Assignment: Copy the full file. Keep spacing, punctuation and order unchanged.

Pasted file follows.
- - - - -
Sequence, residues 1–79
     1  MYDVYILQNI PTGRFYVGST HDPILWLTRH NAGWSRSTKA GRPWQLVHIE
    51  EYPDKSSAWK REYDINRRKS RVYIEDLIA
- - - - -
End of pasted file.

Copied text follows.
Sequence, residues 1–79
     1  MYDVYILQNI PTGRFYVGST HDPILWLTRH NAGWSRSTKA GRPWQLVHIE
    51  EYPDKSSAWK REYDINRRKS RVYIEDLIA